I feel like my Appalachian friends would answer this better than me! They’d probably say that I was pretty game and brave about throwing myself into everything, from the jamming to the socialising to the competitive nature of the music. But honestly, my biggest problem was just slowing down to the pace of life and learning to accept everyone at face value. My London inclination is to walk fast, keep my eyes down, not speak to strangers in the street… whereas Southerners just love to interact with strangers, any time anywhere. I was suspicious and on my guard for a long while before I realised that everyone just wanted to help me.
Is it in your nature to put yourself into difficult situations like this; do you enjoy challenging yourself on a cultural level?
Yes, but funnily enough I didn’t know this about myself until that first trip to North Carolina. It was the first time I’d travelled solo, and it was revelatory, I met and befriended so many people, I got to know the place so much faster. As a direct result, I started travel writing and now that’s a big part of my job, alongside the sport and the music. And it has opened up the world to me!
What particularly struck me about the characters you talked about in your book was how welcoming and helpful they all seemed to be. Did this surprise you? Were you expecting to be welcomed in this way?
Definitely not. My only cultural touchstones from the American South were Deliverance and Texas Chainsaw Massacre, so I was expecting a lot of bars to fall quiet when I walked into them, and a lot of mumbling in accents I couldn’t understand. Actually, even after a couple of years some of the accents were still incomprehensible to me.
What are the unique things you’ve taken away from your time spent in the Appalachian Mountains communities?
The most important thing is nuance and understanding of the American cultural divide. It is powerfully strong, and dangerous, but it can also melt away on a human level. Playing bluegrass with Trump supporters doesn’t mean you forgive their politics but it does mean you stop seeing them as the enemy. Also, there are plenty of Southerners with more liberal outlooks than me! Many of those who champion Appalachian culture the most are incredibly left-leaning, it’s mining country and has a fierce spirit of solidarity.
Bluegrass festivals are at the very heart of bluegrass, something that comes across very strongly in your book. What sort of impact do you think the pandemic will have on these festivals? Obviously, a lot of them won’t be able to happen this year. What do you see the impacts being on the bluegrass community as a whole?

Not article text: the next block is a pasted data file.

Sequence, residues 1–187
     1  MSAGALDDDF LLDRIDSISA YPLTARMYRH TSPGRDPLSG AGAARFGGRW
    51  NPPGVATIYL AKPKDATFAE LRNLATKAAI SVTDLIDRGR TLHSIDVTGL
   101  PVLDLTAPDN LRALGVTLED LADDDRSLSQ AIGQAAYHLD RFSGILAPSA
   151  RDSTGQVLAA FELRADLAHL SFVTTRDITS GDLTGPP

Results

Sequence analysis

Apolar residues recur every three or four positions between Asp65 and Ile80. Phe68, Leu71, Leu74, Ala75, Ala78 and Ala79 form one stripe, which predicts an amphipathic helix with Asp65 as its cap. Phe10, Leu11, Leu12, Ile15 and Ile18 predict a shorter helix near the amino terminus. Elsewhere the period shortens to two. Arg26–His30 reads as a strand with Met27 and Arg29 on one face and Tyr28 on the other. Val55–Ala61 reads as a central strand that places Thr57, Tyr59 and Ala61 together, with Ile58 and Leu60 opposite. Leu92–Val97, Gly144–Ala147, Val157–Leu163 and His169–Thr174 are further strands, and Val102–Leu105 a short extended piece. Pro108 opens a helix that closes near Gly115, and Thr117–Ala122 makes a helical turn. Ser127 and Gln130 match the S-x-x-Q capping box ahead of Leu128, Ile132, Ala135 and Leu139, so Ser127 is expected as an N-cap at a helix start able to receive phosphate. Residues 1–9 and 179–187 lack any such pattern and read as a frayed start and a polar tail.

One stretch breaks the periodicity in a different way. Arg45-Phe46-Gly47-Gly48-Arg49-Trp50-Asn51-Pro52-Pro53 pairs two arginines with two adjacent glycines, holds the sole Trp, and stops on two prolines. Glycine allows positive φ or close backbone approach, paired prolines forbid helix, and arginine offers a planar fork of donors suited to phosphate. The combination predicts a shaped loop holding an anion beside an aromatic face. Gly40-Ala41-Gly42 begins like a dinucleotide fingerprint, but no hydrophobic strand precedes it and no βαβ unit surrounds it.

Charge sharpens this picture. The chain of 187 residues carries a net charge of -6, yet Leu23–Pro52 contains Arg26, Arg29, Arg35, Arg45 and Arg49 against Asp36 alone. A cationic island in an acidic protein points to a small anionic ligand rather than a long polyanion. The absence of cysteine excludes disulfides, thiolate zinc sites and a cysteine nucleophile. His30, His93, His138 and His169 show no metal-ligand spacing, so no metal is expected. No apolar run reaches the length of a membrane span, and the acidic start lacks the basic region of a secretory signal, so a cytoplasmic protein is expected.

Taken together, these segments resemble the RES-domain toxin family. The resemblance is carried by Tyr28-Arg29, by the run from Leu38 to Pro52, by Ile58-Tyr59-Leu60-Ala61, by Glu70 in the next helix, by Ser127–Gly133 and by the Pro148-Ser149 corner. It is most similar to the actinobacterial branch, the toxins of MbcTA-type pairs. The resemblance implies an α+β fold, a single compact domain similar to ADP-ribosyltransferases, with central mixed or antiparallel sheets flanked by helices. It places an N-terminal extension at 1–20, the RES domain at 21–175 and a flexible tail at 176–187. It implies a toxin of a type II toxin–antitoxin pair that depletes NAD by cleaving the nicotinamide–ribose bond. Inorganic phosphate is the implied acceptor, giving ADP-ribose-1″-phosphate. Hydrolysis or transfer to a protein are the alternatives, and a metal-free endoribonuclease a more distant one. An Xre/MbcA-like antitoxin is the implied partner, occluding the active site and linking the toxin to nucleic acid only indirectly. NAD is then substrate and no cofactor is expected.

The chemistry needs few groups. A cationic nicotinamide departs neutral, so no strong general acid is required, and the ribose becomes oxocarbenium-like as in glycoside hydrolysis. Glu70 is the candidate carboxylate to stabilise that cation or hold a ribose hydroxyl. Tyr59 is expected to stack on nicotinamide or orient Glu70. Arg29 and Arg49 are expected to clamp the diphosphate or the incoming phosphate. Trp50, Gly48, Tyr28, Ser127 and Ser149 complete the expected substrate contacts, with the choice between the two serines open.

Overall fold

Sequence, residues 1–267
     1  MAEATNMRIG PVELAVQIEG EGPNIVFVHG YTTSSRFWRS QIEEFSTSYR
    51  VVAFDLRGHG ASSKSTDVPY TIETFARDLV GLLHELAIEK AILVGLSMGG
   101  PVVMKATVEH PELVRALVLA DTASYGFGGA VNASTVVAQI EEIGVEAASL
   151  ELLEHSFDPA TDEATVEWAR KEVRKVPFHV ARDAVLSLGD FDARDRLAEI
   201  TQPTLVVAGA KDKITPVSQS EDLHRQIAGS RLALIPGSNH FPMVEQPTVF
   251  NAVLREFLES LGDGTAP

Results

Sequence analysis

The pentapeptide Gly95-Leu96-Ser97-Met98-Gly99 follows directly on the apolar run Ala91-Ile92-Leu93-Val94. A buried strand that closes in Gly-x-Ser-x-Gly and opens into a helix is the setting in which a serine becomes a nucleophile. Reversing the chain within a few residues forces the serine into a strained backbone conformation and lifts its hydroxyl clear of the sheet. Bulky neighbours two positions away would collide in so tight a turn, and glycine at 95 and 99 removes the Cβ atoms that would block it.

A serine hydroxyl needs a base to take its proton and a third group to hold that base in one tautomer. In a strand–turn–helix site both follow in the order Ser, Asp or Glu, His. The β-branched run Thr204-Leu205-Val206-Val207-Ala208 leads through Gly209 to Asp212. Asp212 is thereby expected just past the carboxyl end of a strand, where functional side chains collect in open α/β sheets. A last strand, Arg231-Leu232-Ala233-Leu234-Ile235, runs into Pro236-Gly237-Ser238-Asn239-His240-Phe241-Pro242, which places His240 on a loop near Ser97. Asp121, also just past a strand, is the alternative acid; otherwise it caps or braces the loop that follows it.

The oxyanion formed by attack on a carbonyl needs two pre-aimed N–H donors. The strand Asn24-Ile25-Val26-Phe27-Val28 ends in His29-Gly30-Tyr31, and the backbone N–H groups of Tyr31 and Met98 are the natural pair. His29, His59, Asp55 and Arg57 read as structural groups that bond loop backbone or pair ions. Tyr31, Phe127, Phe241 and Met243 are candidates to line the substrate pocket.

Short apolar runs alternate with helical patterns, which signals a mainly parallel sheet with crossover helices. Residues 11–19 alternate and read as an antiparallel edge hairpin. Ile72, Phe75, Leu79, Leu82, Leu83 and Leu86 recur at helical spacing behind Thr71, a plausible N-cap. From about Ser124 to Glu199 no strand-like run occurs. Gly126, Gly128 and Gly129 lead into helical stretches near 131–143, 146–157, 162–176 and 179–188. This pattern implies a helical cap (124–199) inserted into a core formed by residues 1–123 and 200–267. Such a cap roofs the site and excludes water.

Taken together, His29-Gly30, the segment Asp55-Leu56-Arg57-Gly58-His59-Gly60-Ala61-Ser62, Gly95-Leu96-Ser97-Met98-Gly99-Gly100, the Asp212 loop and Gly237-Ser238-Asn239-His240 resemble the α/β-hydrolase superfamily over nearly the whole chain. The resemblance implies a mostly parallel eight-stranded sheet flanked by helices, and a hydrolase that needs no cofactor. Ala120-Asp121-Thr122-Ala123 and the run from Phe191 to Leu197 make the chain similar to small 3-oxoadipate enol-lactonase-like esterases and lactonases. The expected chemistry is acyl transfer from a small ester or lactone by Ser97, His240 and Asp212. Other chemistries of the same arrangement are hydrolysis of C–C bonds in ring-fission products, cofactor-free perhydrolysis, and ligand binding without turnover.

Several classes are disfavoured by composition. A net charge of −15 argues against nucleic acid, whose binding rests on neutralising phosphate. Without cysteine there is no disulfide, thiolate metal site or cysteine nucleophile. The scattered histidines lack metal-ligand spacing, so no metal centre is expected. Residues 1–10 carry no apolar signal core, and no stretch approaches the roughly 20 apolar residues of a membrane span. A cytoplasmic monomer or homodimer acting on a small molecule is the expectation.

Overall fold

I’ve spoken to many musicians since the start of the outbreak and it’s just devastating for them. Many of them only ever got by hand to mouth in the gigging economy, these are people who might record CDs, but never expect to sell them, and certainly will never make money from streaming (not that any artist really does). Bluegrass was already a niche subgenre with a long history of sending musicians to the poorhouse, so the pandemic will be brutal for them. Social jamming is the heart of the community too, so there are so many musicians who have been feeling isolated and like their greatest joy in life has been taken away. On the upside, they’ve spent a lot of time writing new material, and bluegrass can suffer from being reliant on the standards.
We asked Emma to set a question to win a copy of ‘Wayfaring Stranger’. Her question is –
“Who is known as the Father of bluegrass music?”
If you think you know the answer, drop us an email to – firstname.lastname@example.org with ‘Wayfaring Stranger’ in the subject line. Remember to include your full name and postal address (so we know where to send the book if you win) with your answer.
The competition will close on the 31st August and the winner will be the first correct answer pulled from the office’s Stetson hat on the 1st September. As always, no correspondence will be entered into and the editor’s decision is final. Good luck.